When 'La Belle Alliance' sailed from Simon's Bay on the last leg of her voyage to Algoa Bay, Willson distributed another circular to his party, claiming 'indemnification' for the effort and expense he had been put to and the right as 'Lord of the Manor' to hunt, fish and cut timber on the party's lands and call on its members for labour. The 'free' settlers under his direction were unanimous in their determination to resist these demands, and on arrival at Algoa Bay toward the end of May, they submitted a petition to the Acting Governor, Sir Rufane Donkin, asking for his intervention. Their anger was exacerbated by Willson's refusal to issue them either with regular rations or the additional 'necessary supplies' for which they had been required to pay in England. Donkin held a meeting with Willson and the petitioners, and 'after explaining and exhorting, and deciding rather against Mr.W', he believed that 'union was restored'. The party was located on the Bush River, a tributary of the Torrens.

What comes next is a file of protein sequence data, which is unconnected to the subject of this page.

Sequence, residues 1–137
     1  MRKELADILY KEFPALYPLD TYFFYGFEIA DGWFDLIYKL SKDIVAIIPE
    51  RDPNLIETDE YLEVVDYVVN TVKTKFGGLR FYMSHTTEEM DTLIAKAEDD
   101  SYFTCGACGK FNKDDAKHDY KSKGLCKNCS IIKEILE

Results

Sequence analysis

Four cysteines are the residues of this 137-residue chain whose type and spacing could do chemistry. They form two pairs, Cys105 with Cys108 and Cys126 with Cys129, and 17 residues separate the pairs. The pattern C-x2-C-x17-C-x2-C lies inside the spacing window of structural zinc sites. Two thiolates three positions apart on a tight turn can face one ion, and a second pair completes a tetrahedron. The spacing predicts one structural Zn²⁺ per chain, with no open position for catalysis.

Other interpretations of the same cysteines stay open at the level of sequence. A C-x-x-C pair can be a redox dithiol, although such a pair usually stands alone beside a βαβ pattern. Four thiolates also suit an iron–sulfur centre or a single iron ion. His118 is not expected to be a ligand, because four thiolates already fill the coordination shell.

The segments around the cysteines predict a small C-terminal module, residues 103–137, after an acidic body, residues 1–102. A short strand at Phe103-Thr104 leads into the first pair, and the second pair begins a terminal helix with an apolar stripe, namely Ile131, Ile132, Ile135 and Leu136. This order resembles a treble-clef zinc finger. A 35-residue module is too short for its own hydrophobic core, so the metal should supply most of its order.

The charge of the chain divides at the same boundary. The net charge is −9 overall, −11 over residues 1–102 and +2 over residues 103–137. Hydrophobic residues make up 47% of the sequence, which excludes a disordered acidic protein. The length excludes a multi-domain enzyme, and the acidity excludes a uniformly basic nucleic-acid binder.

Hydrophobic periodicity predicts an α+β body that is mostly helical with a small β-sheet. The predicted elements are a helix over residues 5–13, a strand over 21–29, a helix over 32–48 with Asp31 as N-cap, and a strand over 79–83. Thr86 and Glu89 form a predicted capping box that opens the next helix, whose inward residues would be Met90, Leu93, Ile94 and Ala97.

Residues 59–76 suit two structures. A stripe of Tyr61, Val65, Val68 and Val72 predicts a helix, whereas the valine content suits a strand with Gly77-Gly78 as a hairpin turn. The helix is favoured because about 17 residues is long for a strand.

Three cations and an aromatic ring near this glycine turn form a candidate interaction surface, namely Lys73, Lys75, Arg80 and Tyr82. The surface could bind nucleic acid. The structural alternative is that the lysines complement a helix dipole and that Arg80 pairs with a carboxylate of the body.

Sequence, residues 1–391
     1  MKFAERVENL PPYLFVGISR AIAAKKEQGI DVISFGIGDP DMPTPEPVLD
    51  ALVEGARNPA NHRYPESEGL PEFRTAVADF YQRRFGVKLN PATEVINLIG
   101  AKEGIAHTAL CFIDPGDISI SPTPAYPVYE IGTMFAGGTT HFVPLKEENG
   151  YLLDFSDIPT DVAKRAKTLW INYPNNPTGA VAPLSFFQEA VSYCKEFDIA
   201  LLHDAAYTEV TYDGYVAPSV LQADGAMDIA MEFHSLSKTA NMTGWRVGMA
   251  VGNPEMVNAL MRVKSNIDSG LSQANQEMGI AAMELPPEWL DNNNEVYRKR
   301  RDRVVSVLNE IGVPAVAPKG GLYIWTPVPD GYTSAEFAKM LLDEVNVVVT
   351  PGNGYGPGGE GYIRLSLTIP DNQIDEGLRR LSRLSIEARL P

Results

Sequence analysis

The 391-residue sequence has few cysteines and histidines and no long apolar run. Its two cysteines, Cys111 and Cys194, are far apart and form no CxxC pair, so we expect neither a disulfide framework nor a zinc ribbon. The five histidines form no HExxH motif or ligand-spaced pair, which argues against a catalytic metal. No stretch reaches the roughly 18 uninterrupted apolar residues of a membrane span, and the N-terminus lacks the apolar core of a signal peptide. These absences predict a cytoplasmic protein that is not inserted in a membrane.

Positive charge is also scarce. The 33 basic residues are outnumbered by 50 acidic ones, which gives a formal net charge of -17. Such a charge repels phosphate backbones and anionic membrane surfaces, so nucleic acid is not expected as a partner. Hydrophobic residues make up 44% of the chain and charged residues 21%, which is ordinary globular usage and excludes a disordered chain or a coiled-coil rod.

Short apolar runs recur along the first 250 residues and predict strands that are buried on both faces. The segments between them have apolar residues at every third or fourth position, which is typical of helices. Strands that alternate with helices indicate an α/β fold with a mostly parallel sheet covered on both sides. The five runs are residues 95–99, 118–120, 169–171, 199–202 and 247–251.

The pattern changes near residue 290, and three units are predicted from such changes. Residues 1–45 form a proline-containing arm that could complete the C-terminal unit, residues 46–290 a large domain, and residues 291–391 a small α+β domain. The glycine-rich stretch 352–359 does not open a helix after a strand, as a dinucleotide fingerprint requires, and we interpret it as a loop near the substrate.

Willson, however, abandoned his settlers as soon as they reached their location and returned to Algoa Bay, from where he retreated to Cape Town, claiming that 'the wretched-minded classes' had threatened to put a bullet through his head. The direction of the party was left in the hands of the Rev. William Boardman. Willson had planned to found a town called Angloville, where he hoped to erect 'a colossal Monument to our beloved Sovereign' but the name eventually given to the location was Beaufort Vale.


Note: there was a poem written by A. Vine Hall called 'The 1820 Settlers' - reference is made to it in 'The Story of the British Settlers of 1820 in South Africa' by H. E. Hockly.